The American film historian Tom Gunning coined the phrase ‘cinema of attractions’ to describe the early film presentations. Instead of narrating, as was to be customary later, the films simply put their subjects on show.
In the early days of cinema, the recordings (‘views’ or ‘vues’) did not have a cohesive narrative component and merely contained unconnected episodes. The camera showed, observed and examined what it saw without a clear interpretation or meaning. The ‘cinema of attractions’ also lacked figures with a psychological motivation or individual personality. In any case, the films were too short to permit such character development. There was just a brief situation, often with comical content, with the immediate effect being paramount. As editing and cutting techniques had not yet been developed and there were often no title cards, there was no creative design or dramatization of the material. The attraction lay in the sequence of pictures and accompanying attractions (music, artists, narrators, etc.).
The films gradually became longer. In 1907 the average length was 6 minutes, but by 1909 many films already ran for over 20 minutes. At the same time, there was a larger number of fictional films – two thirds of the productions in 1906. Major producers no longer presented ‘pictures’ but made dramas, comedies and tragedies and based their output on classic categories. By 1910 the two-hour feature film had arrived. New narrative strategies based on classical three- and five-act dramas were developed. More complex plots with familiar actors and actresses became commonplace. The film The Abyss in early 1911 with Asta Nielsen was acclaimed by critics and audiences alike. The actress was systematically promoted, and the premieres of each of her films were hyped as media events.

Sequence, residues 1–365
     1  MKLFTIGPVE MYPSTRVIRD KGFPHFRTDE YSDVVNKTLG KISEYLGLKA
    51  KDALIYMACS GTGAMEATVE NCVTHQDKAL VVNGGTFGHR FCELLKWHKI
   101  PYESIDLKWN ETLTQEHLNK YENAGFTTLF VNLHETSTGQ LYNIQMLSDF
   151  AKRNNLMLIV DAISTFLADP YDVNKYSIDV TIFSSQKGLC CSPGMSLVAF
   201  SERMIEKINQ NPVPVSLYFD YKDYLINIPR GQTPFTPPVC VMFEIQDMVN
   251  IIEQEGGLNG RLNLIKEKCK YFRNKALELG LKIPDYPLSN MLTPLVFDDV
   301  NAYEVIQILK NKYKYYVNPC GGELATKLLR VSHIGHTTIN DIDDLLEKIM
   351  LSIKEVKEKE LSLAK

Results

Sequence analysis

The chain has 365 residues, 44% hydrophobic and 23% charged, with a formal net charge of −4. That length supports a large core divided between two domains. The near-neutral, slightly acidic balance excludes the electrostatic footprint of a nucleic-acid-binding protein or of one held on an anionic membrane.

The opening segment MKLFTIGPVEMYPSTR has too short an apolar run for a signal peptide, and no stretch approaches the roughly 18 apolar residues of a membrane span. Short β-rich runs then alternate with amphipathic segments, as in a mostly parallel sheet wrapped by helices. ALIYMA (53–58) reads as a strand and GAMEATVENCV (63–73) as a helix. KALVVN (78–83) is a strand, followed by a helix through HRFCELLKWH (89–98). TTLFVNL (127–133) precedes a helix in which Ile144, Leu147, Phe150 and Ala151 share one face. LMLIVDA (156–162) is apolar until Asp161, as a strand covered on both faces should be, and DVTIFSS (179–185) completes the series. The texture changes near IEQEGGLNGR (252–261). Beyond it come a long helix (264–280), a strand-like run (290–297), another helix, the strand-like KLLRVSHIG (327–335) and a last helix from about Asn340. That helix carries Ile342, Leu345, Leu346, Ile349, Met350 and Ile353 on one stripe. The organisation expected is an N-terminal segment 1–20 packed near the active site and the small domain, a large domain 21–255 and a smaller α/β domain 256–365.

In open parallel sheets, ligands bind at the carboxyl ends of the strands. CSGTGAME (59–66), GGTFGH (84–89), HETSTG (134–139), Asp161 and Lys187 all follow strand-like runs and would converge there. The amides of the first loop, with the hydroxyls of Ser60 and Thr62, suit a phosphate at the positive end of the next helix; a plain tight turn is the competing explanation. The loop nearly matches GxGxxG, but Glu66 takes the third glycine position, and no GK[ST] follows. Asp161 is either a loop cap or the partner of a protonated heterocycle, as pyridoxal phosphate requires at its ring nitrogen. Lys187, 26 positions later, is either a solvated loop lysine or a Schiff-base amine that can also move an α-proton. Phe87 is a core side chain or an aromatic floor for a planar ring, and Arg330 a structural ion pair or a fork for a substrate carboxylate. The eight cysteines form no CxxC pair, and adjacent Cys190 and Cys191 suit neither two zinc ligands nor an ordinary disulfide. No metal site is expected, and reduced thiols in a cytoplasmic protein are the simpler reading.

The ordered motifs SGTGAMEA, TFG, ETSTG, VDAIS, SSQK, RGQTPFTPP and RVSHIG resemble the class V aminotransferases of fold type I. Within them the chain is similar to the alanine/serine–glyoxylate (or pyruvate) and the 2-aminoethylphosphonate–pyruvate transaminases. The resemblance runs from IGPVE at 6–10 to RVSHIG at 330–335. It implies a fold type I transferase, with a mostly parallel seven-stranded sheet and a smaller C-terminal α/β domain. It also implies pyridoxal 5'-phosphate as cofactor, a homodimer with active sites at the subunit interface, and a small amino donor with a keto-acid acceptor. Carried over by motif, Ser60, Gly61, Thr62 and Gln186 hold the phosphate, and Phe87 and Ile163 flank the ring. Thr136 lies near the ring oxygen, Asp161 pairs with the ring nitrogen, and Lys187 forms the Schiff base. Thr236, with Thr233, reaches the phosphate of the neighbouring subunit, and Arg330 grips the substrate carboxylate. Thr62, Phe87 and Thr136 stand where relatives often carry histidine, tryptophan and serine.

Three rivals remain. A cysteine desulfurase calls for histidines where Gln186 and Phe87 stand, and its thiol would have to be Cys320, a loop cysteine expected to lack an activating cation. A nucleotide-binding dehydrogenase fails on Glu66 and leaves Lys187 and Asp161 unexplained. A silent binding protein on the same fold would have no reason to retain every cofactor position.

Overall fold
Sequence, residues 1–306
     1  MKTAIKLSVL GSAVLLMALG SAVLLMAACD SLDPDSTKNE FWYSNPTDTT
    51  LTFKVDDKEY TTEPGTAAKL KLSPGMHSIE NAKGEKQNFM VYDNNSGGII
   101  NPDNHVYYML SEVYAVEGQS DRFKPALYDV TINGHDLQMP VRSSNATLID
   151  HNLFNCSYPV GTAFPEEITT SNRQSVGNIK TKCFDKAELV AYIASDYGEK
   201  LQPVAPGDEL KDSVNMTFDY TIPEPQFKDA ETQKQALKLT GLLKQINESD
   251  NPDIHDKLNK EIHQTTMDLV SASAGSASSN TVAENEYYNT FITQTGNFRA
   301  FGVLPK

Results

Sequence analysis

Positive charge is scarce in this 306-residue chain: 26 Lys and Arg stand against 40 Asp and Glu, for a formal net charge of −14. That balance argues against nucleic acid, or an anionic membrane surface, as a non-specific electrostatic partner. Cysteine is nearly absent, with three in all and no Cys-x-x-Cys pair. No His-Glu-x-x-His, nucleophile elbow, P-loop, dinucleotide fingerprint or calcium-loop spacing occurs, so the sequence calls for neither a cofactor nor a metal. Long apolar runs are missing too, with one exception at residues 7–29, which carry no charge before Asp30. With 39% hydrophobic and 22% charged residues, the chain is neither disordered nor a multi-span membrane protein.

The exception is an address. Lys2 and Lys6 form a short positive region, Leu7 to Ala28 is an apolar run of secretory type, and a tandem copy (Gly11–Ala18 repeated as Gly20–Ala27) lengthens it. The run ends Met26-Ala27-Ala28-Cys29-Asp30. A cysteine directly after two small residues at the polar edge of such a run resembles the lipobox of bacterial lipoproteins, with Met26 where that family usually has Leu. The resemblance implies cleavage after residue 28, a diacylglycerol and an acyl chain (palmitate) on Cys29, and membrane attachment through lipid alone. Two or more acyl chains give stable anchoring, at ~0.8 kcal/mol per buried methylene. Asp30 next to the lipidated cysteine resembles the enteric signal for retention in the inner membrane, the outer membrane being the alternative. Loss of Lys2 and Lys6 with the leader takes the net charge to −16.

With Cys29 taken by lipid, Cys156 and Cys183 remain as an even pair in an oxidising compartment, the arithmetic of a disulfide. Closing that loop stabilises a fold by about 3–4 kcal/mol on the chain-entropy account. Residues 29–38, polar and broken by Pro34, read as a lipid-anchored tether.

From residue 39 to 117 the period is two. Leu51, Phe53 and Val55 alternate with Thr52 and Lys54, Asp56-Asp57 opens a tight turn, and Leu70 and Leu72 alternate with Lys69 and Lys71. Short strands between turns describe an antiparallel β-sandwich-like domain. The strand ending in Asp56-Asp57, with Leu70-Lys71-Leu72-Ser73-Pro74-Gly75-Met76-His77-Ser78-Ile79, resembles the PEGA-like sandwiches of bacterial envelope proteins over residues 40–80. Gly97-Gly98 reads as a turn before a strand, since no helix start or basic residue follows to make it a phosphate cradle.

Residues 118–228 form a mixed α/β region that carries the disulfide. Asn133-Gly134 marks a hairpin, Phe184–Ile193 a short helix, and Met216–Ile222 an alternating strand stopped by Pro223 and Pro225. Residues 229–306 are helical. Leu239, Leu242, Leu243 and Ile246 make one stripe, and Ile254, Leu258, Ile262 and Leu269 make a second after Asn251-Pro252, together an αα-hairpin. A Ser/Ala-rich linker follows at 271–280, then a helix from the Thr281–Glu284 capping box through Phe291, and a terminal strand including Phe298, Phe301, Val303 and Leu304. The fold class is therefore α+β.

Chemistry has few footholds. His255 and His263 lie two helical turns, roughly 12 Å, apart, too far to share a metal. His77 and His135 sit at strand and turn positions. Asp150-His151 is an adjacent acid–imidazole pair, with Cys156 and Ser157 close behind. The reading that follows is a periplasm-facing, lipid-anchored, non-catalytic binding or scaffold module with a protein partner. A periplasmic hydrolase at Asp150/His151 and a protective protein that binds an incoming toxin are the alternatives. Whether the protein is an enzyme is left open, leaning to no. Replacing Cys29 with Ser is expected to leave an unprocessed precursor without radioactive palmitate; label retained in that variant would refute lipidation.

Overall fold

Austria-Hungary also had its first film stars. Mia May, wife of the Austrian director Joe May, was one of the first divas of German cinema. Liane Haid made her debut in the war propaganda film Mit Herz und Hand fürs Vaterland (A 1915) and became one of the greatest Austrian stars of the silent film era. She continued her career in the talking film era as well. Among the male stars there was Rudolf Walter and Josef Holub, who appeared in the 1910s and 1920s as the legendary Austrian double act Cocl & Seff. Their comedies were amongst the bestsellers of the time. In their first film together, Der Bauernschreck (A 1913), they played two social outsiders. Wrapped in a stolen bearskin, they terrify the inhabitants of a village and are paid a handsome reward for ‘vanquishing the beast’.
Translation: Nick Somers
Gunning, Tom: Vor dem Dokumentarfilm. Frühe non-fiction-Filme und die Ästhetik der „Ansicht“, in: KINtop 4, Anfänge des dokumentarischen Films, Jahrbuch zur Erforschung des frühen Films, Basel/Frankfurt am Main 1995, 111-121
Krenn, Günter/Wostry, Nikolaus (Hrsg.): Cocl & Seff. Die österreichischen Serienkomiker der Stummfilmzeit, Wien 2010
Müller, Corinna: Variationen des Filmprogramms. Filmform und Filmgeschichte, in: Müller, Corinna/Segeberg, Harro (Hrsg.): Die Modellierung des Kinofilms. Zur Geschichte des Kinoprogramms zwischen Kurzfilm und Langfilm (1905/6–1918), München 1998, 43-75
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